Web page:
All posts tagged: demonic

Dostoevsky on the Demonic Decimation of a Shareable World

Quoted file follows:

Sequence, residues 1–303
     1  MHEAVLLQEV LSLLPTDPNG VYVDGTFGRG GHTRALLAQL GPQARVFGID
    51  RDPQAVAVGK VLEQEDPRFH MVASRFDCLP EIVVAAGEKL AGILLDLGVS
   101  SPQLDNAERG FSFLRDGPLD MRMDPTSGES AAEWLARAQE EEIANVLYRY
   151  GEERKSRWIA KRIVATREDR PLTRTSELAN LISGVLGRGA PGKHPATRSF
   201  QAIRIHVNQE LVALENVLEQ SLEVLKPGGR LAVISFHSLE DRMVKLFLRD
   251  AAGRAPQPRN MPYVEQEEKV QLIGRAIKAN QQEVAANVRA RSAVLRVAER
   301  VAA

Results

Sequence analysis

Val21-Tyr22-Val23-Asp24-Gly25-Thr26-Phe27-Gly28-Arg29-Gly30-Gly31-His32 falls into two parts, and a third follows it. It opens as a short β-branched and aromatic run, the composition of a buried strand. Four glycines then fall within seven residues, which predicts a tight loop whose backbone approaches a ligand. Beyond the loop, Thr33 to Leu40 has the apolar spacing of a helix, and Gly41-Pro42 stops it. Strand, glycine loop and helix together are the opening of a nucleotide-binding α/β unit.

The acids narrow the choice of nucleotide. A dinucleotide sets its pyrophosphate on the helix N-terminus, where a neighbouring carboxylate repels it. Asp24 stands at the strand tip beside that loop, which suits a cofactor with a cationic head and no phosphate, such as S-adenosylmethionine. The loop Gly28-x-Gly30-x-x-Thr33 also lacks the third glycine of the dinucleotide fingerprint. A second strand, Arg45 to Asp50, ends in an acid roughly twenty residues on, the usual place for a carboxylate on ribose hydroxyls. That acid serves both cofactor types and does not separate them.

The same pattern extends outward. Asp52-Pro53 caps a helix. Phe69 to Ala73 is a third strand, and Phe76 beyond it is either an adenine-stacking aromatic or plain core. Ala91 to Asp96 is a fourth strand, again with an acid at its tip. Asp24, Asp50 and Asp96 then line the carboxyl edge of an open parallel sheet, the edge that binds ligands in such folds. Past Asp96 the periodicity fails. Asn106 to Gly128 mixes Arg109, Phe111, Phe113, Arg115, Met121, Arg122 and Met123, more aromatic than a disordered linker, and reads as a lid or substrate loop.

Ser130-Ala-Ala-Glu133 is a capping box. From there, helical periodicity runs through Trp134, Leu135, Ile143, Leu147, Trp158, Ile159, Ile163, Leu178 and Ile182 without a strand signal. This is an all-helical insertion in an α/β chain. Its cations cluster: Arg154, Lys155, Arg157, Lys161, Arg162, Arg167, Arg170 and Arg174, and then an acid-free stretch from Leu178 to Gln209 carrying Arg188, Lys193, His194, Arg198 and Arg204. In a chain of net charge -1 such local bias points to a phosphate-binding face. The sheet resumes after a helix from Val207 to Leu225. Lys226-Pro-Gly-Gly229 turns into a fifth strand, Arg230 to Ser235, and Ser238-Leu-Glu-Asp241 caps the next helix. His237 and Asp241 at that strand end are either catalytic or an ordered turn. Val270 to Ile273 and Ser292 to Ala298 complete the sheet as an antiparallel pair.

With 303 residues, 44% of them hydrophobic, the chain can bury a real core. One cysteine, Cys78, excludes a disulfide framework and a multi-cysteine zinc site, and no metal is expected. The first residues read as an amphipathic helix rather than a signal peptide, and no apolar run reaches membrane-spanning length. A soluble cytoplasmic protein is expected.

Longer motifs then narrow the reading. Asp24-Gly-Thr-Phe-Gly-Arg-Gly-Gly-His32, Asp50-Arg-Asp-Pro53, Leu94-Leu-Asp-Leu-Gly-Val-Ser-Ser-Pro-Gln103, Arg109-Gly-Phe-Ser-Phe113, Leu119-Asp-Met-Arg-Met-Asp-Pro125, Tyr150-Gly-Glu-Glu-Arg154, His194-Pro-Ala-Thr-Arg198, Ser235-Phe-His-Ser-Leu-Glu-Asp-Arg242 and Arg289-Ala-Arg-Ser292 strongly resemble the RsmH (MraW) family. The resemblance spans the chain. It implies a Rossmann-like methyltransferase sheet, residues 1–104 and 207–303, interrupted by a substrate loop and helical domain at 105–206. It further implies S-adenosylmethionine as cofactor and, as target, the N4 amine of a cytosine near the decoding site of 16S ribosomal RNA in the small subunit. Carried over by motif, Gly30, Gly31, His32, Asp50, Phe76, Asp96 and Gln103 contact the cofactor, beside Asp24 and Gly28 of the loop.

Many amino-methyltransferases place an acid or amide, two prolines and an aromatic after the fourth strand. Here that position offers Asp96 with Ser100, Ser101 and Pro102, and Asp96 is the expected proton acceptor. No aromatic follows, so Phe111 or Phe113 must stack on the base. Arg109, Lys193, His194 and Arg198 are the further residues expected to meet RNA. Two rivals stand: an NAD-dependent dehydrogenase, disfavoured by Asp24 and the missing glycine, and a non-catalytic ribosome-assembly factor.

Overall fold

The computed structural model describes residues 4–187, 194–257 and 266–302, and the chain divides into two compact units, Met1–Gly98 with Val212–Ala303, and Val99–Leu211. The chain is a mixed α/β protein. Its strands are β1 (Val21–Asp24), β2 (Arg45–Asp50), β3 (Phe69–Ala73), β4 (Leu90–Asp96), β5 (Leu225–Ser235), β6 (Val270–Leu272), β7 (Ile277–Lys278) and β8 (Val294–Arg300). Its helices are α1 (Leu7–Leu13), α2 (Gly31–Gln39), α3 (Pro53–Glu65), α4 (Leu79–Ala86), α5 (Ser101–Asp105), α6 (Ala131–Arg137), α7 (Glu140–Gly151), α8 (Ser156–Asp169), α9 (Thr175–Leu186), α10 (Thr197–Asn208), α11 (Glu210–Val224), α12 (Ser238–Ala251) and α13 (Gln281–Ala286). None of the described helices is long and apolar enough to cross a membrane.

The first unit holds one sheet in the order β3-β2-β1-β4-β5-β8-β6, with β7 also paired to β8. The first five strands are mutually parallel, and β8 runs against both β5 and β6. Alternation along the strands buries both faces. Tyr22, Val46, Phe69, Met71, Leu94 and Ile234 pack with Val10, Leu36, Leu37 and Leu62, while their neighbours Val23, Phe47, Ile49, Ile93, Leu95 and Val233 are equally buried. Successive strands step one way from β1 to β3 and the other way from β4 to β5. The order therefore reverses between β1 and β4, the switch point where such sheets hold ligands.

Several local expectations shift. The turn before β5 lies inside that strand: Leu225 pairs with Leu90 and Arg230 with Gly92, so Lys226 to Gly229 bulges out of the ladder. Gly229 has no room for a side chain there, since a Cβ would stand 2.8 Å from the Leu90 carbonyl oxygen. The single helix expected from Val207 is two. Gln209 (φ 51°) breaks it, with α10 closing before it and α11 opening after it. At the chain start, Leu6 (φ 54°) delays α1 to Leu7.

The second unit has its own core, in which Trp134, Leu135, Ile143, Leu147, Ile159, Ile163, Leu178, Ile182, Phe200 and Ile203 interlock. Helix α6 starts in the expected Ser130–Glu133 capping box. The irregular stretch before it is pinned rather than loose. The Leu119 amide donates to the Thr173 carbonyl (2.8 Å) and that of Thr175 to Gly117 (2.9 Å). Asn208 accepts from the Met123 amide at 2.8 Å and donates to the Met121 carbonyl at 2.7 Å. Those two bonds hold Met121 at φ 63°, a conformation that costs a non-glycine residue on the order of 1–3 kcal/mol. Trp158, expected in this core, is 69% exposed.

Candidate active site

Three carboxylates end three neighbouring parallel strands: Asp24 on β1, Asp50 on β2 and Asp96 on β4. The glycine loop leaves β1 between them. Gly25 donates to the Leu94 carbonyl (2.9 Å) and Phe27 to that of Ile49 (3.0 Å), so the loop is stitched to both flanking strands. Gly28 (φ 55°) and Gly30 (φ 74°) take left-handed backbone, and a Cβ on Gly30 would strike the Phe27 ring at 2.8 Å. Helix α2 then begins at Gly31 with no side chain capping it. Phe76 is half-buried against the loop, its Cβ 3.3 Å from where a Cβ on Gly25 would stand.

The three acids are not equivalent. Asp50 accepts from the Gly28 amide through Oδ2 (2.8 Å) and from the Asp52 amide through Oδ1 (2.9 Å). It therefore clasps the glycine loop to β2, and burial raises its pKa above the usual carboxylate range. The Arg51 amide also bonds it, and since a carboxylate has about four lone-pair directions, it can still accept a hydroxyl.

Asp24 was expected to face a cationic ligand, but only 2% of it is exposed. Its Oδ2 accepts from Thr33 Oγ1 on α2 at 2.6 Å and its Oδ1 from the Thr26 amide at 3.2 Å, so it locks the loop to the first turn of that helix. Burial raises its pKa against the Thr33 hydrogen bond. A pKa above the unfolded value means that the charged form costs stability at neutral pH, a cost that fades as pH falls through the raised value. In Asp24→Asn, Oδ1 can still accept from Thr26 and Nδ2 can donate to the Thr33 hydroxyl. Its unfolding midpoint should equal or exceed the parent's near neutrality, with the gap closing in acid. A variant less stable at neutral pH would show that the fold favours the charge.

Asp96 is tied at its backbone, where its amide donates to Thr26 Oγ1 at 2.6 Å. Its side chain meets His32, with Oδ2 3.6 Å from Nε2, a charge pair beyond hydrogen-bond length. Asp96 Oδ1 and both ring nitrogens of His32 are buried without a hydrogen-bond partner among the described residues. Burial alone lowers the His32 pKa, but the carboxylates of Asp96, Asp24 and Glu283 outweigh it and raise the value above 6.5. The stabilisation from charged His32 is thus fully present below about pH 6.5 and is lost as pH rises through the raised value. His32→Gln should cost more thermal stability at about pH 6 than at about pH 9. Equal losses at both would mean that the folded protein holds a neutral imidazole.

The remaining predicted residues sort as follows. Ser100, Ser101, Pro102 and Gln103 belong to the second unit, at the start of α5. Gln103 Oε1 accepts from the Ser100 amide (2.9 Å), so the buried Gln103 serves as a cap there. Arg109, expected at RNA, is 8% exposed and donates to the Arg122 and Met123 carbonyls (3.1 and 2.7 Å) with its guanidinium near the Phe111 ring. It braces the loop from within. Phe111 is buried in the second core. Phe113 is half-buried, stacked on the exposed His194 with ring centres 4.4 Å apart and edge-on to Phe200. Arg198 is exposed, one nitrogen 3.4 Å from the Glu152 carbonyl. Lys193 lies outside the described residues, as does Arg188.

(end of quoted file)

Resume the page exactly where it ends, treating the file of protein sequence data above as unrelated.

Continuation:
One way of thinking of the modern demonic is that it is marked by an otherness viewed not as a threatening outside, but a shocking inside contributing to the doubling of a self that cannot find ballast and thereby becomes capable of intentional forms of evil far beyond the circumscription of the human flesh and psyche. Given this definition, my proposal is that the literary figure who is most penetrating and expansive on the topic is Fyodor Dostoevsky. There are other writers with plausible claims to this mantle, perhaps one of the French trio of André Gide, Georges Bataille, and Jean Genet, maybe even William Golding who unerringly exposes our collective illusions regarding sympathy and fraternity throughout his oeuvre and not simply in Lord of the Flies. Needless to say, under scrutiny the bona fides of Golding as the connoisseur of the modern demonic do not hold up. As a writer Golding is more focused on the return of the repressed than on the endlessly spiraling reflection that is the ground of acts of evil …